Friday, July 31, 2015

Ministers in Berriedale and Public Penance - Article XI - Rambling Recollections of Berriedale, Badbea, & Neighbourhood – Part B

Article XI written by Alexander Gunn aka A Native of Badbea was printed in the Northern Ensign on 29 January 1880 – Part B

“Mr Cook was succeeded in Berriedale by Mr McLauchlan, who was the first to occupy the new manse and the new church. From him I heard the first sermon, of which I have not the least recollection, but I remember what I saw, if I forget what I heard. A young man and a young woman were that day doing penance publicly, by standing up in presence of the whole congregation and submitting to public rebuke from the minister.”

illus-131 repentance stool from Old Greyfriars Edinburgh
Source: Book of Curious Punishments of Bygone Days, by Alice Morse Earle. A repentance stool from old Grey Friars, Edinburgh

“That is a scene I could never forget. Such scenes are not to be seen in these times, but that is no proof that the sin for which this discipline was used has disappeared from amongst us. The matter is got over in a quieter and more private manner now a days."

"Mr McLauchlan was a very fine, affable, kindly person, and a tolerably good preacher, but he was not such an evangelical preacher as his predecessor. He was succeeded by Mr Campbell, who was well known to the present generation - a most amiable, kind, and simple-minded man - but not a great preacher. His other qualities, however, endeared him very much to the people under his charge.”

My Comments:
  • The new Berriedale church was completed in 1826. Alexander Gunn was born in 1820 so he was a very young boy when the Rev D. McLauchlan publicly rebuked the young couple and made such an impression on him.
  • Doing penance might seem a curious custom to us, but it was taken very seriously by the Church of Scotland. Adulterers, fornicators, drunkards, slanderers and Sabbath breakers could all be bought before the church. The penance usually involved the public humiliation before the whole congregation of the person or persons concerned, by admonition from the minister or elders. The offenders then had to make a public confession and to profess their repentance. Different parishes had slightly different practices for penance. For some the penance involved wearing a repentance gown of sackcloth or sitting in a special chair or stool under the pulpit, facing the congregation.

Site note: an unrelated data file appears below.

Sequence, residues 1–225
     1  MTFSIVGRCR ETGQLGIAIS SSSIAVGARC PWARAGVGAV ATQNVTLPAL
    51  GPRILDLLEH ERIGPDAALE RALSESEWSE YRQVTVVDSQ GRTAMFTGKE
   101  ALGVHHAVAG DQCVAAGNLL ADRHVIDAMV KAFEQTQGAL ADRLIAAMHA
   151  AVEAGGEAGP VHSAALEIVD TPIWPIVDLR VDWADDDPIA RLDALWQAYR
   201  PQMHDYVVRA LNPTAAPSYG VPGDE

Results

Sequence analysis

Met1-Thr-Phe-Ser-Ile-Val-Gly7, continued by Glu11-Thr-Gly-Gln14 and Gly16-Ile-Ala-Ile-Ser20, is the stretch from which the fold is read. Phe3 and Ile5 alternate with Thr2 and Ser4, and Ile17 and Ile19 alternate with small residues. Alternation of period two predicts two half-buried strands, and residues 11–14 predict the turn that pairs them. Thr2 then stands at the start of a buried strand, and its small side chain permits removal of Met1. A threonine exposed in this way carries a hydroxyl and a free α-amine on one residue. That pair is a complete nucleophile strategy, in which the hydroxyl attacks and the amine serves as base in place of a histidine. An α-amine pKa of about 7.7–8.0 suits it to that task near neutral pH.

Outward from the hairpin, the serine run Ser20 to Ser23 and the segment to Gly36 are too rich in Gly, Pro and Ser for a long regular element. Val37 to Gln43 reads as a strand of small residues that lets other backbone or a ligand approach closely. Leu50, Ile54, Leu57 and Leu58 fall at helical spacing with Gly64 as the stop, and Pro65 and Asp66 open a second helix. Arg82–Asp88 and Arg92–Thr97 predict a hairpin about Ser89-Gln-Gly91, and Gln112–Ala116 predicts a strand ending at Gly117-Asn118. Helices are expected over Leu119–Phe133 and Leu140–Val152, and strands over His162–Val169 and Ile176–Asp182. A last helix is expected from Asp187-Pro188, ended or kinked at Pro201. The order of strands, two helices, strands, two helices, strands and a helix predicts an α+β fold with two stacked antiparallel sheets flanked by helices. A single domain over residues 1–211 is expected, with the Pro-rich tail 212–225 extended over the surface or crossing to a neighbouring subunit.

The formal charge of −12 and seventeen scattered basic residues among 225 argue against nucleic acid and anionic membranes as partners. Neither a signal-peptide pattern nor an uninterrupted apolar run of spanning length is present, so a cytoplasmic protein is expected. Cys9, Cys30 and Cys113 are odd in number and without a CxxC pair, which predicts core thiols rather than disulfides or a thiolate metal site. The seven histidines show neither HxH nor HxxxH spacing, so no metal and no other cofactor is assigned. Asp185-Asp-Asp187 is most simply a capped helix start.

Sackcloth repentance garment
  • The ‘sins’ of unchastity or fornication were particularly punished, although the infant born would eventually be brought into the church family. The father’s name would be recorded but if the father was unknown to the minister, the mother would be put under a lot of pressure to name him. The record of the christening of the baby would often use words such as “natural”, “antenuptual”, “in fornication”, “begot out of wedlock”, which has followed the baby from that day to this. In contrast, regular christening records would often state the child was the lawful son/daughter of…


  • There was another layer of “governance” in the kirk – the “Kirk Session” which was composed of the minister and the elders and dealt with the moral behaviour of the parishioners and other matters eg poor relief or the provision of schooling in the parish. Minutes were kept of Session meetings - some of which are available to read in Scotland or on microfilms but are not yet distributed on the internet unfortunately.

The Ordination of Elders in a Scottish Kirk by Henry Lorimer 1891